AUSTIN (AP) – In the tiny town of Schertz, Darlene Evans is worriedly watching Medicaid cuts being considered by the Legislature.
It’s not the impact that budget proposals would have on her own salary that concerns her most. Or even the 95 employees at her Autumn Winds Retirement Lodge that could be left unemployed. Rather, she’s most scared for the 92 elderly residents that she says would be left homeless if current budget proposals to cut funding for Medicaid are signed into law.
“We’ve had our ups and downs in terms of funding,” Evans said of the 15 years she and her husband have owned the nursing home, about 60 miles south of the Capitol. “This by far is the most scary for me in all the years I’ve been in this profession.
“I feel like I’m in a fight of my life, not only for our residents but for my staff as well.”
Autumn Winds is one of hundreds of nursing homes in Texas that largely depend on Medicaid for funding. As the Legislature grapples with a revenue shortfall of at least $15 billion — $27 billion by some estimates — one of the most agonizing cuts being proposed is slashed reimbursement rates for nursing homes, hospitals and physicians that offer Medicaid. Advocates say about 550 nursing homes in Texas, serving about 45,000 patients, depend on Medicaid.
“We are not crying wolf. Pieces of the sky are falling,” said Tim Graves, president and CEO of the Texas Health Care Association. “There’s no way the major nursing home stream in Texas can be cut by a third and not cause significant bankruptcies, closures, widespread displacement of patients and frontline health care workers will just be going to unemployment lines in local communities.
“The real concern for us is where do the patients go? Where do the residents go? These are the most frail, fragile Texans that the health care system takes care of. That’s our main concern. How is this going to work out?”
Early budget proposals have cut Medicaid reimbursement rates by 10 percent, in addition to a three percent rate reduction that state leaders requested in the current budget.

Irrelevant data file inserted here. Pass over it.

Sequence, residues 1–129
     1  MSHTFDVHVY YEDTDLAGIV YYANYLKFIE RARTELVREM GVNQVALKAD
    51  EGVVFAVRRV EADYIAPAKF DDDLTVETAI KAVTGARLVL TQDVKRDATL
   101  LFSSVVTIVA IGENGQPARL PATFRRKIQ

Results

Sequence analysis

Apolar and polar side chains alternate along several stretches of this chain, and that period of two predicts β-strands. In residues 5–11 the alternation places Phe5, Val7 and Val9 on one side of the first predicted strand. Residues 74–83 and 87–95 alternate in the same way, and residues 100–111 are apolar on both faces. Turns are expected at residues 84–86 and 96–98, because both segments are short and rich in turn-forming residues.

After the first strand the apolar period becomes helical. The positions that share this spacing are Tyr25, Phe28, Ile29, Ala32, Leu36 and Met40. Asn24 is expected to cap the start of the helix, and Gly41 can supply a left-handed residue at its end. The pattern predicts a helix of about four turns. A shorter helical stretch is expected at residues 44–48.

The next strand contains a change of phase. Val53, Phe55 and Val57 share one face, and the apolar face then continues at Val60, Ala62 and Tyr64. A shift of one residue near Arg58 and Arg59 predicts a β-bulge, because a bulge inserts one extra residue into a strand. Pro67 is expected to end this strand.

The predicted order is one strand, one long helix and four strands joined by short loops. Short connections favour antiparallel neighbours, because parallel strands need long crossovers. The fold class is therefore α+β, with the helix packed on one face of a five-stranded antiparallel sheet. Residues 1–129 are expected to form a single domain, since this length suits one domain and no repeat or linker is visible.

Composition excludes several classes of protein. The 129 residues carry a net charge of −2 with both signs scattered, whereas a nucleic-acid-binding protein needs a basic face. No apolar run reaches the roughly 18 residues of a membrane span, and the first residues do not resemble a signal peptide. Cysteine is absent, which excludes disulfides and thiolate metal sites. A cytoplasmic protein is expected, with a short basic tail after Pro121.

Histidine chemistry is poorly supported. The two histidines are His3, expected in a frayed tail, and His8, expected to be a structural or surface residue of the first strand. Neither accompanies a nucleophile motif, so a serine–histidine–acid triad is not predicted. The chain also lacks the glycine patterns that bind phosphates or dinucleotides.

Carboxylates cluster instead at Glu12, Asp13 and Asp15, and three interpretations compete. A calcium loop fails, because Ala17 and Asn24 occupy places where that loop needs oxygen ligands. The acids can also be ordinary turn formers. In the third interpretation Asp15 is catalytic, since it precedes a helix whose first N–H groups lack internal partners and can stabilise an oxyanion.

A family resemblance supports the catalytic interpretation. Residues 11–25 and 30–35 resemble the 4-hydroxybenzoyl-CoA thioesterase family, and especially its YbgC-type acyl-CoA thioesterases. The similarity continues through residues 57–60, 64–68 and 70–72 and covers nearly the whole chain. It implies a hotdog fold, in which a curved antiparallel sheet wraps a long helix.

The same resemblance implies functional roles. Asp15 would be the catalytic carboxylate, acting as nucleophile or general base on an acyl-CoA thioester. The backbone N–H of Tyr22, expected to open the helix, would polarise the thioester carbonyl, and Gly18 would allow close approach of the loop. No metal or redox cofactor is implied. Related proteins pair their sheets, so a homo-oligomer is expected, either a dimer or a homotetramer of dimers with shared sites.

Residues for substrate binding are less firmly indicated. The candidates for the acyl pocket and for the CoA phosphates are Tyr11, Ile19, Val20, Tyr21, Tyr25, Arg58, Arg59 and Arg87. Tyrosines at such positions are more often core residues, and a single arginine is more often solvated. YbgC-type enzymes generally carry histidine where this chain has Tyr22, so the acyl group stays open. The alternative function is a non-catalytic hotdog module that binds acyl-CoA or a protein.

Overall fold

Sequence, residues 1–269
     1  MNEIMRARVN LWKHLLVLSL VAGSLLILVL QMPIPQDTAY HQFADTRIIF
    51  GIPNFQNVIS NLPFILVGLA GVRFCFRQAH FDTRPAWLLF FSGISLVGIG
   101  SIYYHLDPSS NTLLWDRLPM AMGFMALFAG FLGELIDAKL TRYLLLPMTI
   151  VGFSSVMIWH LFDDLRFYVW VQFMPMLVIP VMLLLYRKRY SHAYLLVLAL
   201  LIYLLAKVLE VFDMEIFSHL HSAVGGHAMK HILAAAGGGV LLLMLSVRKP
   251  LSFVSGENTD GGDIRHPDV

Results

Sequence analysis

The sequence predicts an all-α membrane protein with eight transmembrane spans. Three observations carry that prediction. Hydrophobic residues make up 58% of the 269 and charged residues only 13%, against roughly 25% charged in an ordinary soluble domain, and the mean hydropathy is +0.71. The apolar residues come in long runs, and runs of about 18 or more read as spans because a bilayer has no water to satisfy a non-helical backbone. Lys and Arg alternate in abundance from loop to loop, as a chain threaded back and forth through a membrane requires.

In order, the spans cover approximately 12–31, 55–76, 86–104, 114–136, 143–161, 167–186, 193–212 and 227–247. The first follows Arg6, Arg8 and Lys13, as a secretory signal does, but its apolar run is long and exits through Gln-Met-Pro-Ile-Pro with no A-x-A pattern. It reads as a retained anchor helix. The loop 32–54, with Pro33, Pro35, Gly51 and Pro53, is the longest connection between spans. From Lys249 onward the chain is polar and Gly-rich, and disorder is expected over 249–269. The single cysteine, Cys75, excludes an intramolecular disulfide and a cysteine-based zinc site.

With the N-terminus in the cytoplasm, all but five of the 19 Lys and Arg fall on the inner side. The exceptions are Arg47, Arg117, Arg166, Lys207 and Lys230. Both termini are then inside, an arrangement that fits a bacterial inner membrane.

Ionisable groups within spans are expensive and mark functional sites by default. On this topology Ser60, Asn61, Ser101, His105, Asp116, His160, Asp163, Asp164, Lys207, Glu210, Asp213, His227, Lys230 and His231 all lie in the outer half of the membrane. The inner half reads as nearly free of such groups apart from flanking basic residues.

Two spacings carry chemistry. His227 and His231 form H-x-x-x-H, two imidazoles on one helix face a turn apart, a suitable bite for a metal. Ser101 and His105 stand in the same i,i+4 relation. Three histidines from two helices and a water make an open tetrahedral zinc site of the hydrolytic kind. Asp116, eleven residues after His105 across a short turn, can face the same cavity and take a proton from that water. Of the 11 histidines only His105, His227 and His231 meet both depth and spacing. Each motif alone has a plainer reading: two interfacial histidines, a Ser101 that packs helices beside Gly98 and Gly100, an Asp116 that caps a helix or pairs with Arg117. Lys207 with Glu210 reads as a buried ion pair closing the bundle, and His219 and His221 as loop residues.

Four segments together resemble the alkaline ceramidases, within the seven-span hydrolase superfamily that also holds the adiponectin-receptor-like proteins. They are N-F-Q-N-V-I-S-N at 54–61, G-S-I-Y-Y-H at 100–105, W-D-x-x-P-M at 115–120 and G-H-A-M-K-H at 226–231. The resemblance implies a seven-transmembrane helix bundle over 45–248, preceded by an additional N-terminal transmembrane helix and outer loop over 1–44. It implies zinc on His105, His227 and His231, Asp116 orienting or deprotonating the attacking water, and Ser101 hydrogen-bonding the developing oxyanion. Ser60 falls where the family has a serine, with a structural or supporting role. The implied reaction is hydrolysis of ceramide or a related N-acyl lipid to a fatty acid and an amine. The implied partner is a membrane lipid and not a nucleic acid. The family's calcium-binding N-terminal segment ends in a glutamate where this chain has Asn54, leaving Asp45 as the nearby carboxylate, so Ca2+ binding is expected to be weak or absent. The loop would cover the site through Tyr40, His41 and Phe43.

But Graves and other advocates say the true cut is closer to 33 percent because of changes in the federal-state share formula that resulted from the economic stimulus package. The state’s funding share has increased, but budget proposals are not paying for that increase.
For Evans, each percent is the equivalent of about $25,000.
“Do the math of a 33 percent cut. That’s absolutely devastating,” she said. “It’s impossible to continue the operation of the business with that size of cut.”
House and Senate budget leaders have released their proposals for the 2012-13 state budgets, but the budget still has far to go before being finalized next summer.
A spokeswoman for House Speaker Joe Straus did not immediately respond to requests for comment Thursday. House budget writer Rep. Jim Pitts, R-Waxahachie, has said finding ways to save in an already lean budget is a difficult but necessary process.
“I am committed to thoroughly examining . . . issues to determine whether the priorities provided for in this initial budget proposal are appropriate, and ensuring that we protect essential services while staying true to our core missions,” Pitts said last week shortly after introducing the budget proposal. “Through the process, we will make adjustments as determined necessary by this body.”
The nursing homes in Texas that depend on Medicaid as a major funding stream employ about 62,000 people.
House and Senate budget leaders have released their proposals for the 2012-13 state budgets, but the document still has far to go before being finalized next summer.
“We don’t want to give them the best care money can buy, we want to give them better and we … don’t know how we’re going to get a good answer for that,” Evans said. “This is not our state’s finest hour, when the care for our elderly is jeopardized.”
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